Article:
Glass bottles also may leach inorganic compounds. Therefore, it is recommended to use ultrapure water immediately after production. One benefit of a purification system is the ability to get ultrapure water on demand.

Figure 2

Monitor Water Quality

Monitoring water quality ensures experiment repeatability and quality results. Commonly used monitoring tools are conductivity and total organic carbon (TOC) meters. Conductivity measures the flow of electrons through a fluid, which is proportional to the concentration of ions, their charge and mobility. Therefore, conductivity (or its reciprocal, resistivity) is a good indicator of overall ionic water purity.

The theoretical conductivity of pure water is 0.055 µS/cm at 25°C and the corresponding resistivity is 18.2 TOC analysis indicates the total amount of organic material present in water. It is commonly measured by converting organic matter into carbon dioxide using ultraviolet photo-oxidation, or chemical oxidation, then measuring the change in water conductivity.

Assuming that a resistivity reading of 18.2 is indicative of ultrapure water is inaccurate as it only indicates that no ionic species are present in water. Many organic molecules do not ionize readily and, as a result, do not influence the conductivity of water. Therefore, purified water may contain some organic compounds and have an excellent resistivity reading.

Similarly, a low TOC value only indicates that there are no organic molecules present in water without indicating the levels of metals or salts. Combining these two monitoring tools reflects the level of water purity more precisely.

Avoiding Bacteria

Some contaminants not accounted for by water purification monitoring systems may also affect experimental outcomes. Bacteria are the most overlooked. Once started, bacterial contamination may propagate rapidly throughout the system. Bacteria eventually form biofilms, which are difficult to remove. They release small organic molecules and inorganic ions into the water, which may appear as extraneous peaks on ion chromatography and HPLC chromatograms.

As particulates, bacteria present in water can increase column back pressure in liquid chromatography or spoil ICP nebulizers. Bacteria may release a number of macromolecules, such as enzymes (e.g., nucleases, alkaline phosphatase) and endotoxins.

Nucleases have a detrimental effect on molecular biology experiments based on the use of nucleic acids (RNA and DNA). Bacterial alkaline phosphatase may interfere with enzyme immunoassays using calf intestine alkaline phosphatase as a label.

Endotoxins interfere with cell function and growth in mammalian cell cultures. These macromolecules can be monitored using biochemical kits and removed using ultrafiltration. An ultrafiltration unit can be installed either inside the purification system or at the point-of-use. Bacterial development inside water purification systems can be minimized by not leaving water stagnant in reservoirs or in the purification system, performing routine maintenance, and changing the cartridges regularly.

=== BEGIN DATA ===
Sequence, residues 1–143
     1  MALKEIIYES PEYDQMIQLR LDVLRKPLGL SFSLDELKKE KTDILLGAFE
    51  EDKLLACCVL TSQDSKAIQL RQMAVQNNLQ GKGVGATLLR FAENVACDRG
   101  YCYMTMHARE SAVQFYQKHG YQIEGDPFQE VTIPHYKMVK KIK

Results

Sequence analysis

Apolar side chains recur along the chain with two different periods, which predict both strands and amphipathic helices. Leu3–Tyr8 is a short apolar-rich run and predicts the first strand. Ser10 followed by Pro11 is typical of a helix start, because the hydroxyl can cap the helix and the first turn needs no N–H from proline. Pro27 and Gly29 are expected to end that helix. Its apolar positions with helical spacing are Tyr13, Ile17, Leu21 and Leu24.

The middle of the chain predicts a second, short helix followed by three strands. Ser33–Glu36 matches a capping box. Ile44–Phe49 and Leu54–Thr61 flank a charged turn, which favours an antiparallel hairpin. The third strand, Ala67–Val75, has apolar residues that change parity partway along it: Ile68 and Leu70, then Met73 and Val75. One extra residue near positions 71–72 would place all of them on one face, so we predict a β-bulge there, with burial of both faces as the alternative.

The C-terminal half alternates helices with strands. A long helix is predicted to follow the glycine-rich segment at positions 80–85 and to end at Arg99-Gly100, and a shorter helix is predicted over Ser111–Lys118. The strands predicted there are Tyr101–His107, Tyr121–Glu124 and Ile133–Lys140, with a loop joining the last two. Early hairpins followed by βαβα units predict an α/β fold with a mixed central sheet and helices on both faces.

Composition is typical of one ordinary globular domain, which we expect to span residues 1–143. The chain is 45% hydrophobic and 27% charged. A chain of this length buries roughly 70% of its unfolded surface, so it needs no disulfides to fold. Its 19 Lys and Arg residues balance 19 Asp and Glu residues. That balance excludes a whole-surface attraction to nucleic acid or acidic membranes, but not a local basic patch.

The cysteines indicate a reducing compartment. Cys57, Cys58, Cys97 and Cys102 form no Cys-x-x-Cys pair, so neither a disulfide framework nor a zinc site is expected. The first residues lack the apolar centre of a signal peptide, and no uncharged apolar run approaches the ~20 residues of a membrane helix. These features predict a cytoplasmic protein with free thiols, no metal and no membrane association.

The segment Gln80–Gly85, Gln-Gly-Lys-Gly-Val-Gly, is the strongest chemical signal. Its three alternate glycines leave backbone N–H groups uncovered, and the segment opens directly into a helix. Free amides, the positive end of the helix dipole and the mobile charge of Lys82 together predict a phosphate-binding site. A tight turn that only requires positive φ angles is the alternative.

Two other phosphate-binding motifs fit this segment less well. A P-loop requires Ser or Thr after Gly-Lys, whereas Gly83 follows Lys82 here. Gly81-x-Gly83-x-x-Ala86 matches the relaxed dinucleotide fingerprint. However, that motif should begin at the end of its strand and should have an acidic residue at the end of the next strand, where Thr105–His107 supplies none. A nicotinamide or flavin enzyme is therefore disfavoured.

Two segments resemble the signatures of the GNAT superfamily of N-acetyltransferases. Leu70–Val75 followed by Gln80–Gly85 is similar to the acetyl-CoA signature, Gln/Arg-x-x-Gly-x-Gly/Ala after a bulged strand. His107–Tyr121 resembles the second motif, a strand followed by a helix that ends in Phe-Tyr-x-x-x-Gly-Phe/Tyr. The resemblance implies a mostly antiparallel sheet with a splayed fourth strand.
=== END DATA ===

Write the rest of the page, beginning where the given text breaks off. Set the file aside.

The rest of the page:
One Size Does Not Fit All

It might be tempting to select ultrapure water for all the applications in the laboratory. However, in some cases, not only would ultrapure water be unnecessary and expensive, but also it may lead to poorer results. These instances include some specific biological applications where trace elements may be beneficial.

One example is the water used to raise experimental zebrafish. These fish require water without chlorine, pesticides, ammonia, and nitrite. They are also sensitive to pH variations. Ultrapure water has a pH of 7.0. However, when exposed to the air, it readily absorbs carbon dioxide, which forms carbonic acid and lowers the pH to approximately 5.6. These pH variations would be detrimental to the fish. Although the system water commonly is prepared by adding a salt mixture to the water, this mixture does not contain all the trace nutrients necessary to the good health of the fish. Good quality reverse osmosis water would be preferred to ultrapure water, devoid of these important trace minerals.

Other situations where Type II or III water may be preferred to Type I are related to the aggressive nature of ultrapure water. For example, ultrasonic baths or other systems where the water is in prolonged contact with metals may eventually be damaged by ultrapure water. Therefore, it is important to tailor the type of water used to each specific use.

It has been many years since deionized and distilled water were the only purified water choices available. Today, various combinations of purification technologies are used to remove contaminants efficiently. Therefore, matching the water quality with each application yields more consistent and reliable results. Scientists should partner with companies to identify and install the water systems that meet their scientific and space concerns.

Estelle L. Riche, Ph.D., is applications support scientist and Stephane Mabic, Ph.D., is worldwide application support manager, R&D in the Bioscience division, for Millipore. Web: Phone: +33 13012 7140. E-mail: [email protected].